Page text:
Katie Hunt Morr:              There's a lot built on it. So, what we're seeing is these small changes. I think we're in an era where transparency and educated consumers are probably the most important thing. Even very pure companies that care a lot about what they're doing, like Patagonia is a fantastic example. They're still unraveling their supply chain. And it's complicated. But as long as companies are offering that transparence and consumers are rewarding the companies that are making progress, rather than being overly critical of any ugliness that's unearthed … I think we tend to be inundated with information and therefore most attracted to the shiny bits and then as soon as you see something negative come out about a company, you're making your decisions to move your purchasing dollars elsewhere. When in reality there's a lot of ugliness behind most of the goods we consume and most of the products and services that we consume.
So really, rewarding the transparency and the progress of companies is critical in making that wholesale transition. Which I think will happen and it's happening pretty quickly. You know and not being distracted by silly marketing gimmicks and … The term recyclable makes me crazy, because most things are recyclable. It doesn't mean that the product is any better for the environment. So people see that and then it's like, “Oh great. It's checking the boxes, environmentalism, and I can buy this.” You're really being a savvy consumer and thinking to the next level of the messages that you're seeing I think is really important.
Melinda Wittstock:         Yeah, so much of it is education. I think what's interesting though from the perspective of a female entrepreneur… there are so many women who really want to do good for the planet. You know, for other people, for the environment, for social causes. And traditionally have been drawn into running non-profits, even now, rather than saying, “Hey, you know what? I'm going to do a for profit around this social good cause.” Are there more avenues do you think now, for women to really go and do good by making money? Like they're not necessarily mutually exclusive, whereas, they've been seen that way in the past.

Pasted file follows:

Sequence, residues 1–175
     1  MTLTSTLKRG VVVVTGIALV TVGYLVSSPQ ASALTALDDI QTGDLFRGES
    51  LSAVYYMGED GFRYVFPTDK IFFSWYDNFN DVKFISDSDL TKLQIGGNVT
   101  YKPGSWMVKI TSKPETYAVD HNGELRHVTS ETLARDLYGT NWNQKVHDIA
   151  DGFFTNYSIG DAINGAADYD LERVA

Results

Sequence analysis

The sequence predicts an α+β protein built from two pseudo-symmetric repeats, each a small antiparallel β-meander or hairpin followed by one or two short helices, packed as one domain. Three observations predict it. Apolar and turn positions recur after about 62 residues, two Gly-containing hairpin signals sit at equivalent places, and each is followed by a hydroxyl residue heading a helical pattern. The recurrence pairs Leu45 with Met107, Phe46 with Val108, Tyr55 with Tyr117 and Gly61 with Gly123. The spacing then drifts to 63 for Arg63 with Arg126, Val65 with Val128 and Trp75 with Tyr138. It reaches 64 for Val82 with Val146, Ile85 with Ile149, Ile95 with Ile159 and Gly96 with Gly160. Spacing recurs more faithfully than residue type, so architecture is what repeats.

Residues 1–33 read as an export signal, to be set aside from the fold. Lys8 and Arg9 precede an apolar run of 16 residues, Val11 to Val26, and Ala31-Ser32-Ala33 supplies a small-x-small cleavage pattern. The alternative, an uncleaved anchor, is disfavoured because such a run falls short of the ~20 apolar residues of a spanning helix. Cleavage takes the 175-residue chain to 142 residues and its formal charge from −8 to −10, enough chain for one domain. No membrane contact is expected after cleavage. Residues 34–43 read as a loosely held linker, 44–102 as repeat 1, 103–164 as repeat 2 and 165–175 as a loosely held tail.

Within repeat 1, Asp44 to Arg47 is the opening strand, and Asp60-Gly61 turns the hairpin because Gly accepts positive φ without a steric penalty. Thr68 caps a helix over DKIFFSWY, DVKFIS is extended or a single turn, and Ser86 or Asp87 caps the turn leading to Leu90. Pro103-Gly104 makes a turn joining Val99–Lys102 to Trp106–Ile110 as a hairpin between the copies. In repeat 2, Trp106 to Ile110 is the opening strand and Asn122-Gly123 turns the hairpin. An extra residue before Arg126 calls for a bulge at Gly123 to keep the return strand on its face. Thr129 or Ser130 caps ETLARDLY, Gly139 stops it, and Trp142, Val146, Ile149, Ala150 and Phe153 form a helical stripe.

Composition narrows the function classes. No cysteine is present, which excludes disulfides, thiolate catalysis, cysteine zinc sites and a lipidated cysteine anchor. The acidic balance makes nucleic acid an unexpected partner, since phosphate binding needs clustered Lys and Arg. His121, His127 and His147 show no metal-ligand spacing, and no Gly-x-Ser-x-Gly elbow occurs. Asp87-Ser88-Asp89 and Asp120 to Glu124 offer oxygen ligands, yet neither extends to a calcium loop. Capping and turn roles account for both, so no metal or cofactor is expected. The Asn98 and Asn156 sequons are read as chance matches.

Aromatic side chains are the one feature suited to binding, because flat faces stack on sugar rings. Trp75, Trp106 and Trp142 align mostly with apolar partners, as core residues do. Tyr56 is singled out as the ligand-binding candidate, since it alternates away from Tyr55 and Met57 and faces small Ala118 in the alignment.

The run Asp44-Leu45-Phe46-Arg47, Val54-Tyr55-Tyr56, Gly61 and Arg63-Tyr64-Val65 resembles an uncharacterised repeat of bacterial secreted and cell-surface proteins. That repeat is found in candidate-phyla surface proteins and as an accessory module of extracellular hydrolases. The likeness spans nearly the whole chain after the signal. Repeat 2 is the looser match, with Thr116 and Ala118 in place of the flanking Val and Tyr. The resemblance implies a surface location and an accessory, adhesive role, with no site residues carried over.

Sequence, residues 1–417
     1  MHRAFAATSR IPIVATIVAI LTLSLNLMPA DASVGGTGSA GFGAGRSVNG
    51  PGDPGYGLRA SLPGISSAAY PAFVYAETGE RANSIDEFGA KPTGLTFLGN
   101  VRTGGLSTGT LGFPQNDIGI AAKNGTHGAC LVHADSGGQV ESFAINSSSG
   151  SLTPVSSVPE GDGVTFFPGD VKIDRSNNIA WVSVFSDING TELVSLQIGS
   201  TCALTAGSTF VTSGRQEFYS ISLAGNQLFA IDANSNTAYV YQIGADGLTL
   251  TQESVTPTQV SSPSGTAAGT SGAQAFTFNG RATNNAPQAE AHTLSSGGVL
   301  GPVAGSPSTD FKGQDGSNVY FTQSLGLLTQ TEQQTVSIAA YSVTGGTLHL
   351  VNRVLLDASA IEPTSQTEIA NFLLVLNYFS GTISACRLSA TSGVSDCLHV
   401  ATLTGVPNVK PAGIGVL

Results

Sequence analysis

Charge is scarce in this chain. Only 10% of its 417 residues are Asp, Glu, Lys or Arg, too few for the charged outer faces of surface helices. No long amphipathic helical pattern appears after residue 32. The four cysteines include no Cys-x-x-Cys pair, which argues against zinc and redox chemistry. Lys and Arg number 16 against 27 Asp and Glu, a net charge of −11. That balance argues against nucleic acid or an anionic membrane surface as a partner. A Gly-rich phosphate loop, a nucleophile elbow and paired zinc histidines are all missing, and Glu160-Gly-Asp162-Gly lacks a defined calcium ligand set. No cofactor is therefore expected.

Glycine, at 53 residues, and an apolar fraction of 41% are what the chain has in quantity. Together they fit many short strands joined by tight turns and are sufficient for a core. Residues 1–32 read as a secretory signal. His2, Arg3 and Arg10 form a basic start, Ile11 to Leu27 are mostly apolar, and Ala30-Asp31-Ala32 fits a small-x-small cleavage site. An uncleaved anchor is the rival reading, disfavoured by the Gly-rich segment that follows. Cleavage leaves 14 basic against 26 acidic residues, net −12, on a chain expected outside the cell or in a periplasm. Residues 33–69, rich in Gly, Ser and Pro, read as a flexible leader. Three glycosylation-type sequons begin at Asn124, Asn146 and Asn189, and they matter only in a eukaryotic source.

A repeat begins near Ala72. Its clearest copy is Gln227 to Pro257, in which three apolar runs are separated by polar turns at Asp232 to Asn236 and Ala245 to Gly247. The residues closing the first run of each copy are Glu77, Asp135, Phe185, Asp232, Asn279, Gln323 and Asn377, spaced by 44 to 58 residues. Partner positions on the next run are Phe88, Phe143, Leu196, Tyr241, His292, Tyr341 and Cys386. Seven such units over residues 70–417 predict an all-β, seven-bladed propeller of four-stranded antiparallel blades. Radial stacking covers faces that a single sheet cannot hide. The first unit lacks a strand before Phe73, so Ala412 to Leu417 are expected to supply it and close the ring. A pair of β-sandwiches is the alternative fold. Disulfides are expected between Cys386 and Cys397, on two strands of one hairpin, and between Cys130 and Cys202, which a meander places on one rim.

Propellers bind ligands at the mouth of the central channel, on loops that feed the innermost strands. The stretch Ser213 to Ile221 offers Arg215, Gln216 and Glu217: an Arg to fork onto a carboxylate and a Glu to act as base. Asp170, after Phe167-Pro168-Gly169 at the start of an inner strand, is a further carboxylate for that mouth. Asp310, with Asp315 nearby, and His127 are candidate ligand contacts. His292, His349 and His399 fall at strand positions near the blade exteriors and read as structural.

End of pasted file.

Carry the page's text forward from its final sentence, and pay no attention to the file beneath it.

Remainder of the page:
Katie Hunt Morr:              Absolutely. I think we're in an era of acceptance in which it, you're not reputationally dinged for having a profitable enterprise connected to something social or environmentally related. Used to be that business would go off and do its thing, and then they would write a check. And whatever the check-writing entity, a corporate foundation or whatever else, would need to be totally separate. And there was like a sanctity around non-profit enterprise piece that could never be connected to the money making side. And the reality is, that destroys both sides. You need businesses with this ability to get away with whatever they want, and no accountability on environment and social issues, and then you strap the non-profits by not giving them enough buy in.
So really creating these business that are thinking about the triple bottom line in every step, especially for entrepreneurs starting in businesses, what an incredible opportunity to be staring a business now, when there are so many resources and so much education and tools available. You can start in exactly the right way, rather than trying to retrofit these older organizations. Which is really hard to do.
Melinda Wittstock:         Yeah. I love what you said about the triple bottom line. Our research at my company Verifeed bears that out. We've seen, just from the analysis of social conversations we do, that brands and businesses that have an evolved enterprise or the transparency that you speak of, in terms of working out different models and different ways to pay it forward, if you will, you know whether it's buy one give one or donating a portion of their top line revenue to a cause or actually really, really very much baked into their business model itself, those companies that do it authentically, we see have so much more customer engagement. So much more loyalty; so much more traction! And you can actually tie that back to an improved bottom line. They do better than their competitors. It even speaks to the valuation of a company. It's amazing to see.